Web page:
Sea safety and the Stad Ship Tunnel project
The long-awaited Stad Ship Tunnel in Norway is on the verge of becoming reality. Jasleen Mann reports on the first tunnel in the world to be built exclusively for shipping.
The Stad Ship Tunnel is a planned canal and tunnel to bypass the Stad peninsula in Stad Municipality in Vestland county, Norway.
While the Stad Ship Tunnel project is primarily considered as a maritime safety measure, other benefits, including tourism and improved passenger experiences, have also been identified as the construction of the tunnel will allow for a shipping alternative to existing routes.
Havila Kystruten has offered its support to the Stad ship tunnel project. In September, the Stadland Ship Tunnel Conference was held on Havila Castor, which sailed into the Hjørundfjord for the first time.
The Norwegian Coastal Administration, the project owner of the Stad Ship Tunnel, is responsible for all infrastructure along the Norwegian coast.
“We are working to ensure that the Norwegian coast is the safest and cleanest in the whole world,” says Norway coastal director Einar Vik Arset.
“Projects such as the Stad Ship Tunnel are important measures to realise our goals. The consumption of fuel increases significantly on high seas, and by sailing in brackish waters in the ship tunnel, we will reduce the consumption of ship traffic in the area.”
The Stad Ship Tunnel will be 2.2km long, 50m high and 36 metres wide so that vessels have safe passage through Stadhavet Sea, with the project reaching an estimated cost of NOK2.8bn excluding VAT ($270m)
The steering group for development work around the tunnel, as well as the growth companies in the municipalities of Stad, Kinn and Vanylven, organised the conference to address opportunities for moving passenger transport and goods to sea, improving safety, regularity, and punctuality.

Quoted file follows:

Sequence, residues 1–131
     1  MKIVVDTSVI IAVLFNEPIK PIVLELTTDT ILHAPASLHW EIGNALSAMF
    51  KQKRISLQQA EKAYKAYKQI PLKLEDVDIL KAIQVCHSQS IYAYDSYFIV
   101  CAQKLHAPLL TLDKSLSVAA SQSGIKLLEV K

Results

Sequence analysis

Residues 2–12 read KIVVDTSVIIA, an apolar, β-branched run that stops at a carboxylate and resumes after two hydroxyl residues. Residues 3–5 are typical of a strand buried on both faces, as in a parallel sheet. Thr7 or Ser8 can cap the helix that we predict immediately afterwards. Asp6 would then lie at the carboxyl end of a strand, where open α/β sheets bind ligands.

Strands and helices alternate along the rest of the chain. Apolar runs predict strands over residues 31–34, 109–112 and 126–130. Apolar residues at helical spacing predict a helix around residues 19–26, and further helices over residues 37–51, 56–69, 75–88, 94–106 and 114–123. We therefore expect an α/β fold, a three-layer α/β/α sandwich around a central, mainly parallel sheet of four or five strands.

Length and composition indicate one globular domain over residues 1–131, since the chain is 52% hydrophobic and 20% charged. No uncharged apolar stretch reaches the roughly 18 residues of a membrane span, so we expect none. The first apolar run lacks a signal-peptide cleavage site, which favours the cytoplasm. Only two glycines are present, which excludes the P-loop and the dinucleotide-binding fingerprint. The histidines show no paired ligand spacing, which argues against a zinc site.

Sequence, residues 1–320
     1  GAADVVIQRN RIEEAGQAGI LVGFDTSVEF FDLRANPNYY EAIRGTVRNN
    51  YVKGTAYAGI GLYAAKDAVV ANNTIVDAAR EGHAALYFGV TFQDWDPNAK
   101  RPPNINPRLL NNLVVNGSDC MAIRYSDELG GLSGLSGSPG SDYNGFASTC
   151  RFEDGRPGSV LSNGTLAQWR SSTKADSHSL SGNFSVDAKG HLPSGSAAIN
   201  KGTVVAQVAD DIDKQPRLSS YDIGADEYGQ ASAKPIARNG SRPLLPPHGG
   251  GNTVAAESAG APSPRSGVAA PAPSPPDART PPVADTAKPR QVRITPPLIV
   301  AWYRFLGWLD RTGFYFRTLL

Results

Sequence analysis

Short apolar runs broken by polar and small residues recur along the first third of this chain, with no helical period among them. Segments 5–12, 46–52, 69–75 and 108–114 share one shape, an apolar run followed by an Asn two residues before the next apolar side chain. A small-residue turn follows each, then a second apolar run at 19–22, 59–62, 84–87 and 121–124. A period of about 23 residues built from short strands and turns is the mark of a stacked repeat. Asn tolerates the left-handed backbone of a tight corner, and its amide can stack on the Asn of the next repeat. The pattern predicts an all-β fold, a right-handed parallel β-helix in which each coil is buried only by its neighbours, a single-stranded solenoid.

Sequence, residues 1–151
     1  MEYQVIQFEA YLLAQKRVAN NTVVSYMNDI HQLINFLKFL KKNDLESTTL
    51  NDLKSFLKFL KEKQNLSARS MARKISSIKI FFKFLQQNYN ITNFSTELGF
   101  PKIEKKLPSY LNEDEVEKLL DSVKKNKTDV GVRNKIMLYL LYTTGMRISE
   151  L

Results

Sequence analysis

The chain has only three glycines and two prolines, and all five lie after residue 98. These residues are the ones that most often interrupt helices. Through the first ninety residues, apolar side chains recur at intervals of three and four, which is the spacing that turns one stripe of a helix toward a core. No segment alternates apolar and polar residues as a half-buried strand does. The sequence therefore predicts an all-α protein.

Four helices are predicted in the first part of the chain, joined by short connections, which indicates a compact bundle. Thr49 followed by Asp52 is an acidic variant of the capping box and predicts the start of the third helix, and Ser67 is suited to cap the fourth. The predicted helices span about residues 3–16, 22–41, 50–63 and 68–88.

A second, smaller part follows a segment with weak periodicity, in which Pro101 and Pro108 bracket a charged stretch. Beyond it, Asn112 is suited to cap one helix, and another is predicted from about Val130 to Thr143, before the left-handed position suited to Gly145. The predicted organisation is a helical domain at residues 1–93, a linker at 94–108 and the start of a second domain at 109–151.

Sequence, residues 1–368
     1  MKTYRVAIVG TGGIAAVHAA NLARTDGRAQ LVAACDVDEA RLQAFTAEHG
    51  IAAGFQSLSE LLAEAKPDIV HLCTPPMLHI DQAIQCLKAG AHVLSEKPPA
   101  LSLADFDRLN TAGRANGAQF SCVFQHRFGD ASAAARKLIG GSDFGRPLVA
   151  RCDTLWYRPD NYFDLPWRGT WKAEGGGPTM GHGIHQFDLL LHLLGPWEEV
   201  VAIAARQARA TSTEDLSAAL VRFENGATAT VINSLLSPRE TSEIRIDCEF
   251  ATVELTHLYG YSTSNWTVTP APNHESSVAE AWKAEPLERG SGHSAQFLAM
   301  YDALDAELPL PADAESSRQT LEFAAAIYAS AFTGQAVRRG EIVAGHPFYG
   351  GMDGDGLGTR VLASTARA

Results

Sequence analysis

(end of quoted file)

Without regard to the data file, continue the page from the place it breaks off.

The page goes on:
Topics included green shipping, the Ålesund-Bergen express boat connection, creating value in the seafood industry and the role of the Stad Ship Tunnel and the Stadland in international tourism.
There were also representatives from MaritimeCleanTech, Mowi, Norled, FjordTours, Norsk Reiseliv, NHO Vestland, the Coastal Administration, and Havila Kystruten.
“The Stad Ship Tunnel will increase maritime safety around the Stadland, which is among the most weather-exposed areas along the coastal route we sail every day,” says Havila Kystruten CEO Bent Martini“
“At the same time, we believe that sailing through the Stad Ship Tunnel will be a tourism experience that is quite unique in the world, and of course, we will sail completely emission-free on pure battery power when we sail through the tunnel.”
The sea outside Stad is called Stadhavet, characterised by demanding wave conditions for shipping 90 to 110 days a year. Maneuvering conditions are made difficult by the high seas with wave reflections.
Per Sævik, chairman of the board at Havila Kystruten, says: “The tunnel, Selja Kloster, and Stadtplatået, in my opinion, could become the North Cape of Western Norway.
“Managed well, we have a unique opportunity. In terms of the market, the Stad Ship Tunnel can hardly be valued highly enough for the importance it can have.”
The market importance of a ship tunnel in this area is emphasised as it will benefit the tourism industry and as a result, the local economy.
The tunnel entrance at Kjøde. Credit: Norwegian Coastal Administration/Snøhetta
There will not be any charge for vessels to use the tunnel. However, the pilotage regulations will apply, meaning that vessels over 70 metres without a Pilotage Exemption Certificate will have to use the pilotage service.
In terms of monitoring traffic, the standard red and white light system will be used but vessels may also be given a time slot by the Vessel Traffic Service (VTS) centre.
Lasse A. Vangstein, head of communications at Havila Kystruten, says: “We think it would be a great addition to sea safety and also growth in the region. The area has potential for unique experiences, meaning more tourists and increased value creation.”
Main image: Rendering of The Stad Tunnel entrance in the Moldefjord showing the road bridge above. Credit: Norwegian Coastal Administration